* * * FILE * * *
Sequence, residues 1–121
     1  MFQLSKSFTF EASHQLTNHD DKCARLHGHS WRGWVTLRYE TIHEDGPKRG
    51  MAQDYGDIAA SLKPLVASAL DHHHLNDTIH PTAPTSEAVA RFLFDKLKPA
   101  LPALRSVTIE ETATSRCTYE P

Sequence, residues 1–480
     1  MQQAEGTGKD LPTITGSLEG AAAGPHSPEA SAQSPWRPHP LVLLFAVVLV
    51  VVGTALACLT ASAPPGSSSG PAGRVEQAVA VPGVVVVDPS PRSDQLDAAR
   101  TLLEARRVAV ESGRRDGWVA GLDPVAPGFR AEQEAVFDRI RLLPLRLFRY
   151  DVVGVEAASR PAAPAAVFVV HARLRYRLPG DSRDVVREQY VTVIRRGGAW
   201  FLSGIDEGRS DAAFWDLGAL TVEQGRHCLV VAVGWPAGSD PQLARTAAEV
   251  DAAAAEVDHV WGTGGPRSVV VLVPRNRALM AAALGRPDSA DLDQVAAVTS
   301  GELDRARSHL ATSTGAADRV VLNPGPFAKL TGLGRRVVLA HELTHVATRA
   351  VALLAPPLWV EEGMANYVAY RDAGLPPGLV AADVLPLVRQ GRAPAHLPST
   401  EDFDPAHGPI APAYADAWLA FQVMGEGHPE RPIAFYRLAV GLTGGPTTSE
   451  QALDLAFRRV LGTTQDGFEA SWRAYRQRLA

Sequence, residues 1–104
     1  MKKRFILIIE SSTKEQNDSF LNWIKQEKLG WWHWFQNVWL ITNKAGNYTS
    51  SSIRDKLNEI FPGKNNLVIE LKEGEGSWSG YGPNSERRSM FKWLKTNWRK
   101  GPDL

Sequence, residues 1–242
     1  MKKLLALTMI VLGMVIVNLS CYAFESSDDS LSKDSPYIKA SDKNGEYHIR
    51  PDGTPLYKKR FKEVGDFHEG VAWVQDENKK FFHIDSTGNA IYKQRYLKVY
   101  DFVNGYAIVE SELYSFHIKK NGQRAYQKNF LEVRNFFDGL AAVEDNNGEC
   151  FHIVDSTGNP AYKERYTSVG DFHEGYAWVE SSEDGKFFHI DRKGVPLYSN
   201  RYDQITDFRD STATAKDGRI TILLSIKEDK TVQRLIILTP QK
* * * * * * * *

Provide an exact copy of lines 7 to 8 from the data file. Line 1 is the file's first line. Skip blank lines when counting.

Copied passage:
    51  VVGTALACLT ASAPPGSSSG PAGRVEQAVA VPGVVVVDPS PRSDQLDAAR
   101  TLLEARRVAV ESGRRDGWVA GLDPVAPGFR AEQEAVFDRI RLLPLRLFRY